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Academic Achiever

Why you should spend 25 per cent of your time planning

Academics tend to be very reactive. By taking an hour or two a week to plan out projects, you will feel you are making better use of your time.


Welcome to the Academic Achiever – a new column hosted by University Affairs. Here you will find advice to help you organize, manage and reflect on your academic career. Elizabeth Wells is an award-winning prof who specializes in organization management.

We have all heard this kind of advice before: your work on a task should be mostly preparation, with less time in execution. This is true for many things in life, whether that is refinishing a bathtub, or getting a class ready. The truth is, most of us are under the gun with looming deadlines, classes that can’t be procrastinated over, or meetings that start at a certain time and day. We have enough to do without planning our work, and anyway, isn’t planning just a form of procrastination? I would argue that much of my own success, and mental wellness, can be attributed to how much time I spend planning rather than doing. The productivity guru David Allen, who is known for his system “Getting Things Done” (GTD) reminds us that in knowledge work – which is primarily what academics are doing most of the time – we need to “define our work.” This seems like a waste of time: do we not know what exactly we need to do? Why not just do it? To the contrary, for myself and for my colleagues, knowing exactly what we are supposed to be doing is not as obvious as it might appear. It is also not always clear how long a task will take, or what resources we need to get it done. So, when I coach people or give workshops, I admit that I spend about 25 per cent of my time planning my work, and this is a conservative estimate.

So, why should you plan?

Most of our lives as academics are reactive: we respond to ideas of others, we respond to demands of students, calls for papers, or committee invitations. We tend, like most people, to put our attention on the immediately obvious or pressing issues that are in front of us, whether that’s an email or a request from someone. This reactive mode means we are responding to other people’s demands, and not setting our own agenda. When you sit down to write, you don’t simply pour a cup of coffee, open a document and immediately spew brilliant prose. We need time to get ready: where are the sources we need and what other documents or information do we need to do the work? How much time do we have and what do we hope to accomplish in that time? We actually need “research preparation time” before we can work so we don’t waste our valuable time later backtracking or looking for things.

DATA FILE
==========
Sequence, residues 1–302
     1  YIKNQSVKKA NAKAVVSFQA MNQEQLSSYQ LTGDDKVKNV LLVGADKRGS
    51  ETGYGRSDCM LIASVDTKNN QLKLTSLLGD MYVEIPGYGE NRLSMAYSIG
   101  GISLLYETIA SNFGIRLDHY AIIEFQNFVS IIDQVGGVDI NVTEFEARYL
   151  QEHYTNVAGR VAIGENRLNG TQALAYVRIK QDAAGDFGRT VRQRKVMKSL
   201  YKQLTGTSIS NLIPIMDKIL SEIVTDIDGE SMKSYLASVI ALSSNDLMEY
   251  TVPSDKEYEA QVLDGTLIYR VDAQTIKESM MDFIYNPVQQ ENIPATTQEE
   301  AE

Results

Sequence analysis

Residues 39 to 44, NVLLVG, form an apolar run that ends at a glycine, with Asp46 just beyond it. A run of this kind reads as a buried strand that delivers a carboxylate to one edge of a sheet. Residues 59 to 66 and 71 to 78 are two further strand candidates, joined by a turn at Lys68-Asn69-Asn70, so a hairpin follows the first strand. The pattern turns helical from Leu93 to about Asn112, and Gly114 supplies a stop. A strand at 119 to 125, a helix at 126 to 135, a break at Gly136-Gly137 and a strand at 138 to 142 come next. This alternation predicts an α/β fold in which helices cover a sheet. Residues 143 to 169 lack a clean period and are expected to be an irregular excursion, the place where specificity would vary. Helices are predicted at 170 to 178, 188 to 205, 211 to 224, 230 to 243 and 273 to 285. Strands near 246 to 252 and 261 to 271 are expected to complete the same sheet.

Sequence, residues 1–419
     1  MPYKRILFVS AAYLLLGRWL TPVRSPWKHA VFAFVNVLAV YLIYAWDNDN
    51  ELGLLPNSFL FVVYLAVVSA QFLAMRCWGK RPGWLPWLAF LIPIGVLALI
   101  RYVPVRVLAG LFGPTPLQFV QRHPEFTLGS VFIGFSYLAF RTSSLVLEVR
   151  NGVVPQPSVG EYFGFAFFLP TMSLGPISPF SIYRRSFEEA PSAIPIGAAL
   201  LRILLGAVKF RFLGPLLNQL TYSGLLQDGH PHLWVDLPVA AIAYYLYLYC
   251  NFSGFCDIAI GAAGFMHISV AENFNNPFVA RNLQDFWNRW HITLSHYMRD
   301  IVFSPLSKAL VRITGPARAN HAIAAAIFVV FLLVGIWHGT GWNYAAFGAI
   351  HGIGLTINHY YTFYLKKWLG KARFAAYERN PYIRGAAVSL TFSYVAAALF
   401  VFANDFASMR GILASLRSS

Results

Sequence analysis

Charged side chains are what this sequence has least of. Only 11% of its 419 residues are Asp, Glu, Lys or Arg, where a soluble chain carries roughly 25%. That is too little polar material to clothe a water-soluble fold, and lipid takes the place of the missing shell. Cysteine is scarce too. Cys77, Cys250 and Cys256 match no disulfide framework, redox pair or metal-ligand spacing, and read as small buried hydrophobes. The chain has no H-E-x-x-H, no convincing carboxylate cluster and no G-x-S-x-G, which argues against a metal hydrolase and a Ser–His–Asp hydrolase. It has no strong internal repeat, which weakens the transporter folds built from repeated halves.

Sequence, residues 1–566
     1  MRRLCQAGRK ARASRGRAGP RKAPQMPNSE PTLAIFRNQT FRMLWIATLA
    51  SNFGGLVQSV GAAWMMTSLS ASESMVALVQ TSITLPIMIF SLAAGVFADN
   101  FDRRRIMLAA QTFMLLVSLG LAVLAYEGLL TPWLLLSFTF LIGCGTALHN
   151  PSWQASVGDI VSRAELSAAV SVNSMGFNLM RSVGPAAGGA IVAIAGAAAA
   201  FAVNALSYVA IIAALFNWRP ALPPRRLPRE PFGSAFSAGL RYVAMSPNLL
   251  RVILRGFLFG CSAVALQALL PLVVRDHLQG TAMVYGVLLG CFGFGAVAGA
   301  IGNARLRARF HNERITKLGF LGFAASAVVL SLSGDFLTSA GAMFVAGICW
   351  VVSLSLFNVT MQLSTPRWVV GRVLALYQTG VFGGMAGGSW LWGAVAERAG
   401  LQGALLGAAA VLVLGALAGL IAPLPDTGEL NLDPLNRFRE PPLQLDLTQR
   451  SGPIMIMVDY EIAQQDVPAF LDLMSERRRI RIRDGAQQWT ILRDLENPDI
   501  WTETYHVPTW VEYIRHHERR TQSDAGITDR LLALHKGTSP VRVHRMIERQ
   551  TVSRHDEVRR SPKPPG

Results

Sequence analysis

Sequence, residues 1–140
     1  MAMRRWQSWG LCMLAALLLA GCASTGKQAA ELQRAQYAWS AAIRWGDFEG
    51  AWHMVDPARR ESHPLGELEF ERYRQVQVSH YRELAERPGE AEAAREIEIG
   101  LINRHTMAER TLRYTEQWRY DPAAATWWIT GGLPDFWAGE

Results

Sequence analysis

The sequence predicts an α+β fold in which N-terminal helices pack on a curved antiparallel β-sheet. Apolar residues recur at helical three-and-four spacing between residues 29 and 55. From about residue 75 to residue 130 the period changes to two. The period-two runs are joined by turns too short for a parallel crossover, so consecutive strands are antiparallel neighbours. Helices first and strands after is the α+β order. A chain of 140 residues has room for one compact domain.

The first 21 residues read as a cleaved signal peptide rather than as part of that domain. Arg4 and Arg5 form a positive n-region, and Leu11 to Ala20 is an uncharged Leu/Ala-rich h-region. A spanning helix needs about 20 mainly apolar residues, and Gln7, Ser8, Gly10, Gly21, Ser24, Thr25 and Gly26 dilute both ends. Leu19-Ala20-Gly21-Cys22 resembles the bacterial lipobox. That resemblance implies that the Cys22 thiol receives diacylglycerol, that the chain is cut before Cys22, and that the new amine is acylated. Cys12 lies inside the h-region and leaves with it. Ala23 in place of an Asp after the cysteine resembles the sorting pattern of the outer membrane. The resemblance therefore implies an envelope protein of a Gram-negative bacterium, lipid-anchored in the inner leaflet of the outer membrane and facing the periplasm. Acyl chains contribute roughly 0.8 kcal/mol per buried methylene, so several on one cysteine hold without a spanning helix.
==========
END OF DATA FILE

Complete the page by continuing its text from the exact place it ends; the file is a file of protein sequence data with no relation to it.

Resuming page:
How many hours a week do we have for any particular project or task, what resources do we need to do that task, where is the best place to do that? Do we have people we need to contact? Reservations we need to make for space? Meetings we need to accommodate or people we need to see? Spending an hour each week (often profitably in the morning or at the end of the day, or for some time on the weekend) will save you a lot of time, energy and effort in making your week run smoothly. On a larger scale, it is very effective to plan out projects from beginning to end, first starting by assessing whether we really have the time and bandwidth to complete to our own standards the work that we have committed to, whatever that is. On my personal blog, I have written about the benefits of spending only 20 minutes choosing my outfits for the week or planning my meals, and the amount of time I save by addressing such menial tasks in batches. This may seem over-managed, but then I am not frantically doing last-minute laundry or running off to the grocery store when I’d like to be doing something else. Planning makes for peaceful mornings and smooth days.

My experience, and perhaps yours, is that academics take on too much and then struggle to complete these commitments. Planning lets you see what you can do realistically whether that’s over one work session or an entire summer. Putting together a kind of “itinerary” as I call it or a simple table with all your commitments and when they are due will give you a sense of what you can and cannot accomplish, and when.

A great practice is simply to keep a “projects list” for both work and personal projects. Once a week, as David Allen suggests, do a “weekly review” and just see where you are on each project and what the next actions are to move it forward. This doesn’t take long but will give you a great sense of control and more perspective on what you are committed to. I would say that I am at least 50 per cent more productive than I used to be by prioritizing and making time for planning on a number of levels.. Think you don’t have time to plan? You probably cannot afford not to. Now as to what you should actually be doing with that time, your mission, that’s a subject for another column.

Elizabeth Wells is a professor of music history and musicology at Mount Allison University as well as author of the book The Organized Academic.

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